Sunday, April 26, 2009

Client Service And The CEO

As Owen Van Natta takes the reins as CEO of MySpace, he'll be challenged to deliver for loyal customers and inspire the participation of new ones. What's more, he'll have to earn the trust of current MySpace employees and determine, as Jim Collins would say, whether he has all the right people on the bus to take the company boldly and successfully into the future - all as the founders step aside to serve as company advisors.

What makes the task even more daunting are the seven suprises for new CEOs. Michael Porter, Jay Lorsch, and Nitin Nohria introduced the seven surprises in an October 2004 Harvard Business Review article on CEO leadership. The authors remind us of the influence and the limitations of the CEO. Essentially, they can lead but they can't control. The seven suprises include:
  1. You can’t run the company (The sheer volume and intensity of external demands take many by surprise. Almost every new CEO struggles to manage the time drain of attending to shareholders, analysts, board members, industry groups, politicians, and other constituencies)
  2. Giving orders is very costly (No proposal should reach the CEO for final approval unless he can ratify it with enthusiasm. Before then, everyone involved with the matter should have raised and resolved any potential deal breakers, bringing the CEO into the discussion only at strategically significant moments to obtain feedback and support)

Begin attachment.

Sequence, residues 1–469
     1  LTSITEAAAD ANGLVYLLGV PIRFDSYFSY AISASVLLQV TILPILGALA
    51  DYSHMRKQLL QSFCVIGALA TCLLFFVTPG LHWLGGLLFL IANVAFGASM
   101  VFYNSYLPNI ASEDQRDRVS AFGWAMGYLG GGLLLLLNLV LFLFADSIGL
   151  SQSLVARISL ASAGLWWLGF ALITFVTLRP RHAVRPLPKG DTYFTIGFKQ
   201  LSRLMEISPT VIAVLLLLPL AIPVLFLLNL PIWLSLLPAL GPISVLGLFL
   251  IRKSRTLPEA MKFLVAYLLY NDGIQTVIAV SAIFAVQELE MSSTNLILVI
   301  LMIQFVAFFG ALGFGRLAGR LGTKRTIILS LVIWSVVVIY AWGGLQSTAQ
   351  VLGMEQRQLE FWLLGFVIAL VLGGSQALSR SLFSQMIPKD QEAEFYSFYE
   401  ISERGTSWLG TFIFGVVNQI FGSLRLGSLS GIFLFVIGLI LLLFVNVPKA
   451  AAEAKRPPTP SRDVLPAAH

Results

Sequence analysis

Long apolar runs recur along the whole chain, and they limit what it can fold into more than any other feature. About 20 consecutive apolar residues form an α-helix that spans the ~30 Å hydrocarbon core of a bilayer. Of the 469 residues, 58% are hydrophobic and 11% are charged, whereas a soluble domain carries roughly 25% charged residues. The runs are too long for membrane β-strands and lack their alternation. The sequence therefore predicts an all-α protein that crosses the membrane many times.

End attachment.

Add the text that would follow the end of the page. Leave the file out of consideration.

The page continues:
3. It is hard to know what is really going on (Certainly, CEOs are flooded with information, but reliable information is surprisingly scarce. All information coming to the top is filtered, sometimes with good intentions, sometimes with not such good intentions)
  4. You are always sending a message (A CEO's words and deeds, however small or off-the-cuff, are instantly spread and amplified, scrutinized, interpreted and sometimes drastically misinterpreted)
  5. You are not the boss (Although the CEO may sit at the top of the management hierarchy, he still reports to the board of directors. At the end of the day, the board—not the CEO—is in charge)
  6. Pleasing shareholders is not the goal (CEOs must recognize that, ultimately, it is only long-term value creation that matters, not today’s growth expectations or even the stock price)
  7. You are still only human (CEO Should recognize he needs connections to the world outside his organization, at home and in the community, to avoid being consumed by his corporate life)
Even if Van Natta is not surprised by any of the challenges of the new job, earning the confidence of all his stakeholders will ultimately be shaped by how people come to perceive his priorities and how he inspires others to embrace and deliver on those priorities.

How do you see his challenge?

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